3. Some states see all unaccredited investors as only unaccredited investors—with no recognition that some unaccredited investors are “sophisticated.” That means, depending on the states you’re raising capital in, if investors aren’t accredited, certain states will be unavailable to you as a practical matter.
  4. Even where a state recognizes “sophisticated” investors, what that means in a given state varies—as does what additional requirements having a sophisticated (rather than accredited) investor imposes on your company. Again, these additional requirements can be so substantial a capital raise with unaccredited investors just won’t make sense.
C. How Classifications Affect Your Raise

When all your investors are accredited, you’re most likely looking at a Section 506 (of Rule D) raise. This involves a fairly straightforward, two-step filing with the SEC (with no fees), followed by similar filings with any state in which you raise capital. The complexity of state filings vary, with some states not requiring filing for Section 506 raises, to electronic filing, to limited additional requirements. When a state requires a filing, the fees usually run several hundred dollars for each state.

If any investors are unaccredited, you’ll most likely have to do a Section 504 raise. The requirements for these types of raises vary drastically based upon which states you are raising capital in. The SEC requirements also vary, often requiring substantial increases in the information that must be collected and disclosed by the company to unaccredited investors.

Where a capital raise involves non-accredited investors, some states require those investors to be sophisticated—or requires further disclosures, fees, and formal processes (read: if your investors aren’t at least sophisticated, most raises just aren’t economically feasible for smaller companies).

2. Additional Disclosures Are Expensive and Add Risk

You might be thinking, “I’m not trying to hide anything, so additional disclosures don’t sound like a big deal.”

Our firm does not accept clients we feel are trying to hide anything—nor should any attorney (at least if he or she wants to keep his or her law license). That you do not intend to hide information—and commit securities fraud—is a given.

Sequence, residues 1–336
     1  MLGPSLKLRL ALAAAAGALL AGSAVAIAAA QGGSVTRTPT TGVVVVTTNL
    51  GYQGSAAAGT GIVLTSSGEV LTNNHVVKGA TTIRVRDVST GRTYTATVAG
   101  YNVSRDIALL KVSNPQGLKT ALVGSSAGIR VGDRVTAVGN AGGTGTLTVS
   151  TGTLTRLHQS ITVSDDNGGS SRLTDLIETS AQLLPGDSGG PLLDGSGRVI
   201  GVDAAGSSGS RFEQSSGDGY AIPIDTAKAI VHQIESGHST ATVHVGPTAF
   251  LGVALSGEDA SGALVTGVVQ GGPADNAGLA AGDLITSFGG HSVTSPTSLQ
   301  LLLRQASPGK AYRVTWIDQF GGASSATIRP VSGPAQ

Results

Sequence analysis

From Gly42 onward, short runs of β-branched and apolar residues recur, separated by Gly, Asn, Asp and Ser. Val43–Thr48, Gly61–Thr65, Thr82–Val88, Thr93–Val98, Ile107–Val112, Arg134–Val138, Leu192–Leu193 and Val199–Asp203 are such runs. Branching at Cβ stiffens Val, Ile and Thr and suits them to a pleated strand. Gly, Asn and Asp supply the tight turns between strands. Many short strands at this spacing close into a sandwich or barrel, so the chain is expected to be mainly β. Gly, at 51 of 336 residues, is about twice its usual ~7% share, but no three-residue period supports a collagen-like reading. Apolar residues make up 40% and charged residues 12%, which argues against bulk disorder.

But offerings involving unaccredited investors increase the time, expense, and risk involved.

First, if your raise requires that your unaccredited investors are “sophisticated,” you are accepting risk that it might later be determined (perhaps during an audit) that those investors were not sophisticated. This could lead to fines and penalties—and if it’s found that you weren’t acting in good faith in identifying those investors as sophisticated—even prison.

Second, the more disclosures you make, the more likely you might get something wrong—even with the best of intentions. When such disclosures require you to expressly commit or even estimate how funds will be used, it limits your company’s flexibility in later assigning capital where it is needed, as your company weathers a volatile and ever-shifting landscape.

Third, some of the additional disclosures—such as how funds will be allotted, financial records, and financial projections—are things you’ll need to spend additional time to generate entirely or to a level of exactness sufficient to be included in an offering. Remember: if you get it wrong, there are potential, and serious, consequences.

3. Conclusion

Best practices is to limit your capital raise to accredited investors.

Consult with an attorney early, and long before you need the money from the capital raise to keep your company going. There are various strategies to limit your raise to accredited investors, and various considerations to make based upon which states your investors are located.

Ultimately, there’s no point in a complicated offering that requires additional costs, time, and risks to return only marginally-higher capital. Assure your offering is the capital raise that is right for you.